I usually log off on Christmas Eve with a bit of a retrospective on the year just gone. Then I pick up social media after the New Year by looking ahead. This year? I was very busy on Christmas Eve – but could I have found the time? Possibly, but I found I didn’t know what to say.
It’s been another year of uncertainty and stress for us all – and that looks likely to continue for some time to come – but what’s the point in stating the painfully obvious? And compared to so very many others, we have nothing much to complain of hereabouts. We are all still healthy, all still in work, and if we still haven’t had a proper holiday since November 2019, that’s because we have chosen not to risk the hassles and unpredictability of trying to go away anywhere, even in the UK. We still miss our aikido training, but that just can’t be helped.
On the plus side, I have had another new book out, and The Green Man’s Challenge has been very enthusiastically received by satisfied readers. That’s encouraging me as I gather ideas for the next one. I’ve also worked on three other interesting projects which have yet to be announced, so I’ll have assorted news to share pretty soon. I went to two conventions in person in the autumn, and did other events online through the year, all of which were great fun and kept me connected with readers, writers, and friends old and new. I’ve also been elected to the Society of Authors Management Committee.
So that’s showing me what to focus on, going forward. I’ll work with the SoA to support writers through these difficult days. I’ll concentrate on my own work, share good things from other authors, and share thoughts on the writing process and business. That will mean making a definite effort to read more for relaxation alongside the reading I do for work. I’ve been sitting down with my Christmas-present books this week, and that’s forcefully reminded me of the benefits of getting out of my own head on a regular basis.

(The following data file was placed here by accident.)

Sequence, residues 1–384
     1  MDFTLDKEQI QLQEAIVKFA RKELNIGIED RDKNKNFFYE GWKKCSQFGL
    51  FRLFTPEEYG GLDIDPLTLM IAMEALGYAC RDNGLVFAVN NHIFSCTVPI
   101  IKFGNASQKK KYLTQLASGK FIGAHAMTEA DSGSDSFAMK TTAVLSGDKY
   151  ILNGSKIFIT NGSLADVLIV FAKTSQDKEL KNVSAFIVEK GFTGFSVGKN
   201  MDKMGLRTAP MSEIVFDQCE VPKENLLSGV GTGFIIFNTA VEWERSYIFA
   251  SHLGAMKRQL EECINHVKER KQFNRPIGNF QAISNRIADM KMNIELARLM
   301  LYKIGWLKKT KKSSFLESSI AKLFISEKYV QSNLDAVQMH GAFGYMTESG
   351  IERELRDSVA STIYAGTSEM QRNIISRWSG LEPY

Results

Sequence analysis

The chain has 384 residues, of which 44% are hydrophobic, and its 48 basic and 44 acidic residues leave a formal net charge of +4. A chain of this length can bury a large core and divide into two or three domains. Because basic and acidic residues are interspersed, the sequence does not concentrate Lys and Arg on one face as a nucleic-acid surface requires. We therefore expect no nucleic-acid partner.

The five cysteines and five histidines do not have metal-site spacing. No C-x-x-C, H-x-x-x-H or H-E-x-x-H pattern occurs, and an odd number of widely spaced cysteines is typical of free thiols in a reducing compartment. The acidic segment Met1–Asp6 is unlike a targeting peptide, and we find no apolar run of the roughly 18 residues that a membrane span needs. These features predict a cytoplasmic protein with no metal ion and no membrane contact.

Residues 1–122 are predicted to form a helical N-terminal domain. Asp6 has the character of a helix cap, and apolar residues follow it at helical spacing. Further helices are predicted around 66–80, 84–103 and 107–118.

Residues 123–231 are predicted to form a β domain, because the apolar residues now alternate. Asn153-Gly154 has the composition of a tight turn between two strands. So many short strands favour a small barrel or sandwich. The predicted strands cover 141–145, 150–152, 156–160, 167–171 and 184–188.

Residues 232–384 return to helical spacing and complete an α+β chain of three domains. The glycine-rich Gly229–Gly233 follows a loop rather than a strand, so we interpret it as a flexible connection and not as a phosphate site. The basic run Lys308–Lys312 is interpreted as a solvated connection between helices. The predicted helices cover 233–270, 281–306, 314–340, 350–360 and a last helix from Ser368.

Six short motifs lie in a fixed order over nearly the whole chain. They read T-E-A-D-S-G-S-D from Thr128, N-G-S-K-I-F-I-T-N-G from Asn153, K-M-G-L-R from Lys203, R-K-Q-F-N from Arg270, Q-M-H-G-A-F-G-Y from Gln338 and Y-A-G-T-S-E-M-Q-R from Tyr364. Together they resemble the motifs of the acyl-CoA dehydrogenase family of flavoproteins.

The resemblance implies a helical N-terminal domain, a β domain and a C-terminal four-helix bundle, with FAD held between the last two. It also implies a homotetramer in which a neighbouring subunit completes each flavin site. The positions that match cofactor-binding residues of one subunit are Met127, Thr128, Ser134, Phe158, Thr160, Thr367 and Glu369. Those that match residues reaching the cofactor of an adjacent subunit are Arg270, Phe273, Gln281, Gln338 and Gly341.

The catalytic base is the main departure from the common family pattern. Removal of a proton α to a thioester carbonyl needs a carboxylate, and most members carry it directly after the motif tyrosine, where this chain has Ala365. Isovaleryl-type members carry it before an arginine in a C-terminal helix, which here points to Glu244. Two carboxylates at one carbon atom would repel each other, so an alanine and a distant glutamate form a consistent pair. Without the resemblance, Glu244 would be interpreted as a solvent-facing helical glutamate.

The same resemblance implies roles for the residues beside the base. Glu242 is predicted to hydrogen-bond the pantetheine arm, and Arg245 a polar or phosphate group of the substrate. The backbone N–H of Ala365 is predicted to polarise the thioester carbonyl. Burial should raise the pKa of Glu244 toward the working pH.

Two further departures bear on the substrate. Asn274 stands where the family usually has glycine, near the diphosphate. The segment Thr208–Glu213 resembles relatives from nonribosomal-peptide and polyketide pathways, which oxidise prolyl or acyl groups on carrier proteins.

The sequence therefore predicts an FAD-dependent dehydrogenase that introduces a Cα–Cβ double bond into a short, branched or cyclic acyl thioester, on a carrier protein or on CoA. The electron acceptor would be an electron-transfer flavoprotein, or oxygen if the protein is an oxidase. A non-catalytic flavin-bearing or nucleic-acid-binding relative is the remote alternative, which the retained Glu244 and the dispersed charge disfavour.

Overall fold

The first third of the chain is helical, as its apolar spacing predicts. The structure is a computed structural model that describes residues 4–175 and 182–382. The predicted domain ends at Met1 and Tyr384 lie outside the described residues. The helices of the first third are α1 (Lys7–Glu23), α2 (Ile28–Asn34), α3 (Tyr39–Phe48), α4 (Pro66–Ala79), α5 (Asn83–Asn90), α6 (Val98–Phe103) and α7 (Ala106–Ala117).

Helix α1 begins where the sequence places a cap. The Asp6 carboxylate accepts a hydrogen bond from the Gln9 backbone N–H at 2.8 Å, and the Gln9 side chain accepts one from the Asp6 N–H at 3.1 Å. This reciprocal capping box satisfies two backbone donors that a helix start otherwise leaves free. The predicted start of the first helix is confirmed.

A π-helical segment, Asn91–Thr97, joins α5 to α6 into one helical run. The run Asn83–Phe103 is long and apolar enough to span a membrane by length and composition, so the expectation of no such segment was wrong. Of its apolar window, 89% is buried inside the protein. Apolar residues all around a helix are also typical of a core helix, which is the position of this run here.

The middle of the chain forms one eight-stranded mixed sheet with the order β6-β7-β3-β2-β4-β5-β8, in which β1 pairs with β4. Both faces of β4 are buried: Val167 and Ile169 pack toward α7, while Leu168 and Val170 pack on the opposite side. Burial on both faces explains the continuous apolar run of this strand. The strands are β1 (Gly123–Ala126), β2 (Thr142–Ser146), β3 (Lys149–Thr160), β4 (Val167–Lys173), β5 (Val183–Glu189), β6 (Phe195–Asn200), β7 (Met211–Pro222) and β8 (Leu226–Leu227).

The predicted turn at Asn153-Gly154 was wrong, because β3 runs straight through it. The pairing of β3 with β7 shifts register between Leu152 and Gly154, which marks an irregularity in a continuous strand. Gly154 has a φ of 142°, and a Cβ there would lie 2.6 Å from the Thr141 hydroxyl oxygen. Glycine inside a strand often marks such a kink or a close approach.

Making time for that will mean cutting back on the doomscrolling and that can only be a good thing. I’ve not reached the point of ditching social media like a good few others I’ve seen, but I’ve felt the benefits of keeping Twitter in particular more at arm’s length over the last month or so.
So here we are. That’s what I have to say for the moment anyway. Let’s hope for a happier and healthier year ahead for us all.
Readers on Amazon and Goodreads are really enjoying Dan’s latest adventure, as you will see if you take a look. If you’ve posted a rating or review, thank you! Yes, these things boost visibility and that’s important, but most of all they boost author morale and that’s absolutely invaluable.
Amid the reviews and comments in various places, some readers have noted the background presence of the pandemic. As I’ve mentioned previously, I have been wondering how people would feel about this, since a writer can never know how a reader’s personal situation will colour their response to a book. Only one reader who has mentioned this seems to have found it a major deterrent, and I am genuinely sorry for that – in the sense that I really hope they have not had some dire experience that I have inadvertently made worse.